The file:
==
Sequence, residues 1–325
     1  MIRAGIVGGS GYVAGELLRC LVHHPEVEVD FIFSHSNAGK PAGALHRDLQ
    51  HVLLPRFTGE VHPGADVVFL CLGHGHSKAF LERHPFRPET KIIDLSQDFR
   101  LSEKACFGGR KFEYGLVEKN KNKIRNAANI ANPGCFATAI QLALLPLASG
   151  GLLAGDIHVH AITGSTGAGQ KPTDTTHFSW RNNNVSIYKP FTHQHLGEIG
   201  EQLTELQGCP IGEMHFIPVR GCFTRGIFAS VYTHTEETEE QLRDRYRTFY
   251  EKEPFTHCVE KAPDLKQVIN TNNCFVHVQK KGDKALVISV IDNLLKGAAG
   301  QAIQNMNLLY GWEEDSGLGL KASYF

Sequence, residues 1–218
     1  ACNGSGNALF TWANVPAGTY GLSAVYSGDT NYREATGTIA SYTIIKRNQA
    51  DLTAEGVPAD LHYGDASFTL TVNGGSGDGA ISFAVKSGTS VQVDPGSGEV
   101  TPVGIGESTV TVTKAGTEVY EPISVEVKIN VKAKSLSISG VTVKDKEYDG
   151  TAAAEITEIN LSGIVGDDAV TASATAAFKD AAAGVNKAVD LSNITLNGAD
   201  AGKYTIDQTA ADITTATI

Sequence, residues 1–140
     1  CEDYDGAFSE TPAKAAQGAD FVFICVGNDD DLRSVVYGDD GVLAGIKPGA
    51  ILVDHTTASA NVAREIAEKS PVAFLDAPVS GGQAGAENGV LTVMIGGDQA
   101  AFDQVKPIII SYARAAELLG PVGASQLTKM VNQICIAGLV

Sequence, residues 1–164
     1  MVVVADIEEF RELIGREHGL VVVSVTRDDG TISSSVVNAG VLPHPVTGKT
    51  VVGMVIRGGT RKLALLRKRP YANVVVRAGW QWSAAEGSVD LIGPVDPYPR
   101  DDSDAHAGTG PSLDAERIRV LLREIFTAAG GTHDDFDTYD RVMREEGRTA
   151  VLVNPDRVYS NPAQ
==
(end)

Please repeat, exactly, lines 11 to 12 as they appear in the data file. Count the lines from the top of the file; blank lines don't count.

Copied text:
    51  DLTAEGVPAD LHYGDASFTL TVNGGSGDGA ISFAVKSGTS VQVDPGSGEV
   101  TPVGIGESTV TVTKAGTEVY EPISVEVKIN VKAKSLSISG VTVKDKEYDG